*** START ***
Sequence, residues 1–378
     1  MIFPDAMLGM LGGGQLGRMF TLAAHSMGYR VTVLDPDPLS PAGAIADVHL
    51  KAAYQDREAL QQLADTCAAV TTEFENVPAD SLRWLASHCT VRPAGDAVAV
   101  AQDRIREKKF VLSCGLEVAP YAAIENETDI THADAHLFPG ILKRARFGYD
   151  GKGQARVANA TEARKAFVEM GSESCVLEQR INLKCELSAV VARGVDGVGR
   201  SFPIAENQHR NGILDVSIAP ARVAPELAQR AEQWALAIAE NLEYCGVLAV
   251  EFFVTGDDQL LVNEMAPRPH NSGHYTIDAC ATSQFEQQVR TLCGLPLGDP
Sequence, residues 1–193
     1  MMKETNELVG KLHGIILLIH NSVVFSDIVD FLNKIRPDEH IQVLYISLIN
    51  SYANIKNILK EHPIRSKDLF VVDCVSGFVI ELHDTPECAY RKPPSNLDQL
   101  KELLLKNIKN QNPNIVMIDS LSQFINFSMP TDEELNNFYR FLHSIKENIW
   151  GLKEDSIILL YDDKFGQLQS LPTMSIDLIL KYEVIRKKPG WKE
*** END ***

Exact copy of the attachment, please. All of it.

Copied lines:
Sequence, residues 1–378
     1  MIFPDAMLGM LGGGQLGRMF TLAAHSMGYR VTVLDPDPLS PAGAIADVHL
    51  KAAYQDREAL QQLADTCAAV TTEFENVPAD SLRWLASHCT VRPAGDAVAV
   101  AQDRIREKKF VLSCGLEVAP YAAIENETDI THADAHLFPG ILKRARFGYD
   151  GKGQARVANA TEARKAFVEM GSESCVLEQR INLKCELSAV VARGVDGVGR
   201  SFPIAENQHR NGILDVSIAP ARVAPELAQR AEQWALAIAE NLEYCGVLAV
   251  EFFVTGDDQL LVNEMAPRPH NSGHYTIDAC ATSQFEQQVR TLCGLPLGDP
Sequence, residues 1–193
     1  MMKETNELVG KLHGIILLIH NSVVFSDIVD FLNKIRPDEH IQVLYISLIN
    51  SYANIKNILK EHPIRSKDLF VVDCVSGFVI ELHDTPECAY RKPPSNLDQL
   101  KELLLKNIKN QNPNIVMIDS LSQFINFSMP TDEELNNFYR FLHSIKENIW
   151  GLKEDSIILL YDDKFGQLQS LPTMSIDLIL KYEVIRKKPG WKE